What has Jose Mourinho changed at Tottenham since his arrival two months ago? The answer, sadly, appears to be more than a little, but still far less than expected…
In the aftermath of his predecessor Mauricio Pochettino’s sacking, Jose Mourinho’s initial change of approach was a hugely welcome one at the time he took over. Prior to his first game as Spurs boss, Tottenham had lost points after scoring first in each of their prior trio of league games.
By extension, the Lilywhites had also taken just three points from the previous 15 available, and had gone 12 away games without a win – yielding a dreadful 75% loss rate within that run. Harry Kane had also seen three opening goals rendered meaningless by poor defending during that sequence.
The new tactics initially seemed to work, with the likes of Moussa Sissoko, Eric Dier and Harry Winks in the centre of the park given less license to roam than they were under Pochettino. The key difference, ultimately, was in the more defined split between players designated to defend and those who must adopt an attacking approach. With the clear aim of establishing a more balanced equilibrium between risk and reward, Mourinho’s debut would be a victorious one. Yet, even so, there were still lingering questions over the defence, which had somehow conceded twice to a far inferior West Ham side.
The new regime represents a change from the years of swift (if occasionally error-prone) counter-attacking moves under Pochettino, which helped bring Spurs unprecedented successive podium finishes. Thus, some critics assert that Mourinho’s impact, at least aesthetically, has reduced the entertainment factor at Tottenham.
Uncertainty Over Fourth Place Battle
The volatile nature of Tottenham’s prices, especially in spread markets (such as total points) relating to a top-four finish, suggests profound doubt in their ability to accomplish that goal. Indeed, those in such doubt can find out here just how much the likelihood of Tottenham finishing fourth could well drift away in the coming weeks.
Mourinho’s first two months at Tottenham have not entirely been negative though. In true personal fashion, he guided Tottenham safely through the group stage after a major scare, having seen his side go 2-0 down inside 20 minutes in a pivotal home match against Olympiakos – before recovering to win 4-2.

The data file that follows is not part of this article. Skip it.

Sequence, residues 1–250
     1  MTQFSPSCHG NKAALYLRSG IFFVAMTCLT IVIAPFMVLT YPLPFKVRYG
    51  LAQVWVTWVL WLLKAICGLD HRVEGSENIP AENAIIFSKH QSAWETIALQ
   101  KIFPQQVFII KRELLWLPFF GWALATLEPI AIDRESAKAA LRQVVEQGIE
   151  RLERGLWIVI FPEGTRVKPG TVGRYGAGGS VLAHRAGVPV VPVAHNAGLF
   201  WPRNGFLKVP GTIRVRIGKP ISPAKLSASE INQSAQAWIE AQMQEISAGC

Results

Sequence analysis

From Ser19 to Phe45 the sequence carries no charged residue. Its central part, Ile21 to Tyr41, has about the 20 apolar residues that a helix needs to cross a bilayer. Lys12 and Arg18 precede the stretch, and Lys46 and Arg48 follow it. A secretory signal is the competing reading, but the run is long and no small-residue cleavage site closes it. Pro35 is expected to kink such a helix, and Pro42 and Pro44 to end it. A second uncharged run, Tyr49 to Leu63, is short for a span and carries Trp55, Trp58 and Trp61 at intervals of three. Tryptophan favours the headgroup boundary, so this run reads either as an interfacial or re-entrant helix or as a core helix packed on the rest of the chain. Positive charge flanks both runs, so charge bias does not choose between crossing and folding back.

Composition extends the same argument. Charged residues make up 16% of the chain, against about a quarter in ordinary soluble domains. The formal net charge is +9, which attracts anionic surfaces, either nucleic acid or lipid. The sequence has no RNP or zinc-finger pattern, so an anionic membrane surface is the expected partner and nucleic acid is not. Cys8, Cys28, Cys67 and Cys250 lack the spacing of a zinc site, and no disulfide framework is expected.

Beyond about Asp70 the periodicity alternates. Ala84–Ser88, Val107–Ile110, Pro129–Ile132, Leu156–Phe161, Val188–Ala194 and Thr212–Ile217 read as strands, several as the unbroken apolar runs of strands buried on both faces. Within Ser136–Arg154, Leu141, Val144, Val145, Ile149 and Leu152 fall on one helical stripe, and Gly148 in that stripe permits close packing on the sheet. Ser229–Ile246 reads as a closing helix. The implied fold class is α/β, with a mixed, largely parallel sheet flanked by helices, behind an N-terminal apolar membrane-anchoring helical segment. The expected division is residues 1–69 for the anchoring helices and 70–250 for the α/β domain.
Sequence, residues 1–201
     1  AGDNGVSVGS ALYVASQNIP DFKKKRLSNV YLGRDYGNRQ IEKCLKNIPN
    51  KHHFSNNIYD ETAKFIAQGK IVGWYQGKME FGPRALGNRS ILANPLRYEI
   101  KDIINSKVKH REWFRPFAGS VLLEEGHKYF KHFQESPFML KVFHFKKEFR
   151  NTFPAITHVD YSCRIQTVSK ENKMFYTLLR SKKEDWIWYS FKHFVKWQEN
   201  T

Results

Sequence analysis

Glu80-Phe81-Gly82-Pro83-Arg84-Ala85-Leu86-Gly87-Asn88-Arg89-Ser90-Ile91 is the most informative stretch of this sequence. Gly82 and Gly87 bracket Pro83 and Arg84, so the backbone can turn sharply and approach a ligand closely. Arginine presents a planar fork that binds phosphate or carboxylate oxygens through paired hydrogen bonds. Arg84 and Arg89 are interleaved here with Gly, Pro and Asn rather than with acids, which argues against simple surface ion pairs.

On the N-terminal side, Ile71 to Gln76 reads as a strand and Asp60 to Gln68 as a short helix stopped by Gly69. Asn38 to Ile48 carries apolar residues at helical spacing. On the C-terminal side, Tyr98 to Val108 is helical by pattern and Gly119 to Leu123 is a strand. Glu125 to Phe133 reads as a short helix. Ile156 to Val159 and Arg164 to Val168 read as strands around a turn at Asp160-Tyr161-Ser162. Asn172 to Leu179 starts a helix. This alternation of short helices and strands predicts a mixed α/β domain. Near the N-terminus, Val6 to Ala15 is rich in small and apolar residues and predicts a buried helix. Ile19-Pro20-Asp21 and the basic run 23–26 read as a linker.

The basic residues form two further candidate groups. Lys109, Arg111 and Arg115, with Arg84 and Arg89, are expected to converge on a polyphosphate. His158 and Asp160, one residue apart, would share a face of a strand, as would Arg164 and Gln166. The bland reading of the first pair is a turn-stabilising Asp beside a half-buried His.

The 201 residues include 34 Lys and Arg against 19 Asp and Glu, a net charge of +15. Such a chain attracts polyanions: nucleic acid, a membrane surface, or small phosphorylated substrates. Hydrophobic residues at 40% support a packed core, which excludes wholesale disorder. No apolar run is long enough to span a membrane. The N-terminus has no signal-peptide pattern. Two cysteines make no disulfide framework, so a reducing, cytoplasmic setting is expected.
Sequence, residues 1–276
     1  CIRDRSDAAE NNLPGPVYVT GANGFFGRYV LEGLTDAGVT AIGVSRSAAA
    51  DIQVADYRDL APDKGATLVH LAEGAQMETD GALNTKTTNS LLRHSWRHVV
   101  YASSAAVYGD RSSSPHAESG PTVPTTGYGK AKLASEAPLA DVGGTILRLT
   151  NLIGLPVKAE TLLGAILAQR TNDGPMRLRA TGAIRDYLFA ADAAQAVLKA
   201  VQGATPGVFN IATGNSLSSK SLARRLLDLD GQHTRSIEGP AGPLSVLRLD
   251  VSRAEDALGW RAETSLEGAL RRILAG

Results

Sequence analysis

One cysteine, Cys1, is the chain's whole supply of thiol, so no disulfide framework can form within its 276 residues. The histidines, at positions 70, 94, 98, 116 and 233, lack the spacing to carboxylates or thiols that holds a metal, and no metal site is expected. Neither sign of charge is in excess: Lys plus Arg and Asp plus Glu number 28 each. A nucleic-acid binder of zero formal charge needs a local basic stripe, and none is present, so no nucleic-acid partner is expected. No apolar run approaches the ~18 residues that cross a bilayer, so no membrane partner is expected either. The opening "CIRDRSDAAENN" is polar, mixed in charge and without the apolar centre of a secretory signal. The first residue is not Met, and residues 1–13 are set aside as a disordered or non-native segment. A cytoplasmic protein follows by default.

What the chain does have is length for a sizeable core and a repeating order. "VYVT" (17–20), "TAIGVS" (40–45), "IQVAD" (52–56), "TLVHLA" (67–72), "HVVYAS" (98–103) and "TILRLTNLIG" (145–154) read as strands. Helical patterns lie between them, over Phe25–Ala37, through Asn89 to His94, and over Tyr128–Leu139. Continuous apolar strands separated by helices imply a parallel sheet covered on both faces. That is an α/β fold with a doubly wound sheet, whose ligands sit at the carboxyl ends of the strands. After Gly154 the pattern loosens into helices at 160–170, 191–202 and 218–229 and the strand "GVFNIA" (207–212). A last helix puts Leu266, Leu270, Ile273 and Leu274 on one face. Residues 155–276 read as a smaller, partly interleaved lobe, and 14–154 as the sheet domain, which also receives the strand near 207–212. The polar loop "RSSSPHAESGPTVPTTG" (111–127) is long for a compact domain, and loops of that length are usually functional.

With Mourinho’s efforts to reinforce Tottenham’s backline proving erratic in their output, the old adage of attack being the best form of defence is in the minds of some Tottenham fans and players alike. Losing Harry Kane through injury is a clear and obvious setback, even for even A-list managers like Mourinho, but the improved form of Dele Alli is one positive, as is the new level of consistency reached by Son Heung-Min.
Both men scored in Tottenham’s recent 2-1 win over Norwich. Alli’s rediscovered sense of purpose once more showed with particular distinction, reflected by second-half goals in three games (of five) prior to that match. Son Heung-Min, meanwhile, has been in a class of his own lately. He is already a Goal of the Season contender for his sensational goal against Burnley in December, and has proven talismanic on the road, with his last seven away goals in the league (as of January 2020) all coming during victories.
Psychological ‘Barrier’ Requires Expert Hands
The tools are undoubtedly there for Mourinho to create a foundation on which to launch a strong end to 2019/20. Aside from deploying Alli and Son in advanced positions in Kane’s absence, and forcing the opposition back, there is little else Mourinho can do. If nothing else, one element that Tottenham fans would certainly like to see gone is the habit of losing against fellow elite opposition in the league.
Liverpool, for instance, have already completed a league double over Tottenham, alongside defeats to erratic sides in Manchester United (away) and Chelsea (at home) coming in between those reverses against the champions-elect. Thus, the club’s need for a psychological edge – as well as a tactical one – is as self-evident as ever.
Football lore dictates that Mourinho is one of very few men who can do that, but the suggestion now is that the ‘Special One’ must swallow his pride, and seek the counsel of others in order to cover every possible area for development within the Spurs squad.